Rally

Toyota reveals 2019 programme for WRC protege Takamoto Katsuta

Toyota’s Japanese protege Takamoto Katsuta will contest the majority of the 2019 World Rally Championship season and make his competitive debut in a Yaris WRC next year.

The 25-year-old’s career is supported by Toyota Gazoo’s Racing Rally Challenge Programme as part of the Japanese carmaker’s efforts to produce its first homegrown world rally winner in 26 years.

Katsuta – The F3 convert carrying a nation’s WRC hopes

Katsuta will drive a Ford Fiesta R5 in the first 13 of 14 WRC rounds, ensuring he will be in the running for the WRC2 title.

Rally Sweden, scene of Katsuta’s maiden WRC2 win last season, will be his first point-scoring round for 2019.

His two Yaris outings will come on a brace of Finnish Championship rounds, the SM Itaralli (a snow event in March) and SM Riihimaki Rally (on gravel in May).

Katsuta could well be seen in a Yaris at a Japanese WRC candidate event at the end of the season as well.

Briton Dan Barritt will return to the Toyota project to co-drive Katsuta. The pair last worked together in 2016.

Katsuta said: “The Rally Challenge Programme has been strengthened, and so an even more rigorous world awaits me.

“However, I am determined to push myself to the limits, and I am confident that I will be able to grow significantly.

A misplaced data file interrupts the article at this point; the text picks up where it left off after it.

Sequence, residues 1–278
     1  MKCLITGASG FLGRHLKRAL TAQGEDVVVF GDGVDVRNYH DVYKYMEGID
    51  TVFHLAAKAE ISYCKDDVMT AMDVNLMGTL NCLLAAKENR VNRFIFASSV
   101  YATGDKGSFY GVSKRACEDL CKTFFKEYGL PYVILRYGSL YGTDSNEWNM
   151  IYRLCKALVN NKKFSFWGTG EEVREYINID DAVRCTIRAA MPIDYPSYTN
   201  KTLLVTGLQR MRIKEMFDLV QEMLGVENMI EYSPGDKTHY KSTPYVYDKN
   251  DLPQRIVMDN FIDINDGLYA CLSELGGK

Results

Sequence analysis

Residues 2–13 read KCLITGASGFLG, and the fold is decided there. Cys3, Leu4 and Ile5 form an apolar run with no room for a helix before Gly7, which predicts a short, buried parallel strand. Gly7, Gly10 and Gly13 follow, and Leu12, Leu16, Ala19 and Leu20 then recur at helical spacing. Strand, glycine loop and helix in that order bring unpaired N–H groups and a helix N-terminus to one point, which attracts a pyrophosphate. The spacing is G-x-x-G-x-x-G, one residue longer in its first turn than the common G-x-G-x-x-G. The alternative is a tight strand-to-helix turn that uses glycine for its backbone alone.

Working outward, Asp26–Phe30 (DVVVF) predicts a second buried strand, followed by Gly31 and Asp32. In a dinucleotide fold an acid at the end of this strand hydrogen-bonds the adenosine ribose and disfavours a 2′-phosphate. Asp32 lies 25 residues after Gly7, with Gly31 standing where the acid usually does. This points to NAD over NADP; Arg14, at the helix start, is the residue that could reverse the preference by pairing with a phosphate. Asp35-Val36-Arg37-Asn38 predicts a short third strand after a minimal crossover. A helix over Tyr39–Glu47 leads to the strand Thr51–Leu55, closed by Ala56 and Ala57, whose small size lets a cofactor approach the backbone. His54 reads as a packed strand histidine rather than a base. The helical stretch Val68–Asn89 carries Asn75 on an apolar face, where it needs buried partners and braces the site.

“Next season will help me prepare for the future and I will do my utmost to ensure that I compete in every rally to the best of my ability and use each event as a stepping stone to the next.

“Daniel has decided to take on the challenge of once again rallying alongside me, and I am excited to show him how much I have improved over the last two years.”

Programme supervisor and Toyota WRC team boss Tommi Makinen added: “Katsuta’s development has been very impressive during the three-and-a-half year period that he has been with us.

“Now we are moving on to the next level with an extensive programme in WRC2 as well as by taking the opportunity to get used to the WRC car in two Finnish Rally Championship events.

“The targets for coming season are for Katsuta to understand the importance of consistency and balanced work in long WRC events, build confidence, learn to deal with the pressure, and step up to the level of a WRC professional.”

Kenjiro Shinozuka was the last Japanese driver to win a WRC round, when he took back-to-back wins at the Ivory Coast Rally in 1991/92.

Like Katsuta, the then Mitsubishi driver employed the services of an Englishman alongside him – with John Meadows co-driving him to both victories.

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